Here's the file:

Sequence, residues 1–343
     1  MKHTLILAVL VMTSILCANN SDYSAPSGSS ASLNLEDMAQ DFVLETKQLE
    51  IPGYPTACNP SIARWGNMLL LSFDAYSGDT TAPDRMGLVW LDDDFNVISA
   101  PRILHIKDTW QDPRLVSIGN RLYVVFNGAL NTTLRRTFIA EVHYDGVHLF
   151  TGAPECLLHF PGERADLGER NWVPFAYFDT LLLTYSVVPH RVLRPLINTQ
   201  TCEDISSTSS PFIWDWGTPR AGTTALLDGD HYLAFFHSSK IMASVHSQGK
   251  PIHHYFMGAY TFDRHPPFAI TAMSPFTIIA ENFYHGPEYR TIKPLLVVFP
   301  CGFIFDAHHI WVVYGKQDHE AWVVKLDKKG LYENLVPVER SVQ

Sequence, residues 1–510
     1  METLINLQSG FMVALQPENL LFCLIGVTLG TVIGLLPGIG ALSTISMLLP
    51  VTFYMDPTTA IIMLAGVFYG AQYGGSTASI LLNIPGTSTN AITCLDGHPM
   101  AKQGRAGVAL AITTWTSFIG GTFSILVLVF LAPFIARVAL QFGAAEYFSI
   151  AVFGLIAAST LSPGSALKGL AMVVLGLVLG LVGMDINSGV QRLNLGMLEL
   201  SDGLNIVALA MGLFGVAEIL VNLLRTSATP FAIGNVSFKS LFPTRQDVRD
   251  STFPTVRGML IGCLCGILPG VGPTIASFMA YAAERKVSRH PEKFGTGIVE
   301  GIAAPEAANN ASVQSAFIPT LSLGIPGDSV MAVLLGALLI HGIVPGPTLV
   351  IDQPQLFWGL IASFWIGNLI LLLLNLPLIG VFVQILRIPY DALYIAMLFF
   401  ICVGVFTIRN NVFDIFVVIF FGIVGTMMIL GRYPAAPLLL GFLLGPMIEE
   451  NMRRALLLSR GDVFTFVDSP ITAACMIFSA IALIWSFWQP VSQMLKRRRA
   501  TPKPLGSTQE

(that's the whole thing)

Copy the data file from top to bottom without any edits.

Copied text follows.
Sequence, residues 1–343
     1  MKHTLILAVL VMTSILCANN SDYSAPSGSS ASLNLEDMAQ DFVLETKQLE
    51  IPGYPTACNP SIARWGNMLL LSFDAYSGDT TAPDRMGLVW LDDDFNVISA
   101  PRILHIKDTW QDPRLVSIGN RLYVVFNGAL NTTLRRTFIA EVHYDGVHLF
   151  TGAPECLLHF PGERADLGER NWVPFAYFDT LLLTYSVVPH RVLRPLINTQ
   201  TCEDISSTSS PFIWDWGTPR AGTTALLDGD HYLAFFHSSK IMASVHSQGK
   251  PIHHYFMGAY TFDRHPPFAI TAMSPFTIIA ENFYHGPEYR TIKPLLVVFP
   301  CGFIFDAHHI WVVYGKQDHE AWVVKLDKKG LYENLVPVER SVQ

Sequence, residues 1–510
     1  METLINLQSG FMVALQPENL LFCLIGVTLG TVIGLLPGIG ALSTISMLLP
    51  VTFYMDPTTA IIMLAGVFYG AQYGGSTASI LLNIPGTSTN AITCLDGHPM
   101  AKQGRAGVAL AITTWTSFIG GTFSILVLVF LAPFIARVAL QFGAAEYFSI
   151  AVFGLIAAST LSPGSALKGL AMVVLGLVLG LVGMDINSGV QRLNLGMLEL
   201  SDGLNIVALA MGLFGVAEIL VNLLRTSATP FAIGNVSFKS LFPTRQDVRD
   251  STFPTVRGML IGCLCGILPG VGPTIASFMA YAAERKVSRH PEKFGTGIVE
   301  GIAAPEAANN ASVQSAFIPT LSLGIPGDSV MAVLLGALLI HGIVPGPTLV
   351  IDQPQLFWGL IASFWIGNLI LLLLNLPLIG VFVQILRIPY DALYIAMLFF
   401  ICVGVFTIRN NVFDIFVVIF FGIVGTMMIL GRYPAAPLLL GFLLGPMIEE
   451  NMRRALLLSR GDVFTFVDSP ITAACMIFSA IALIWSFWQP VSQMLKRRRA
   501  TPKPLGSTQE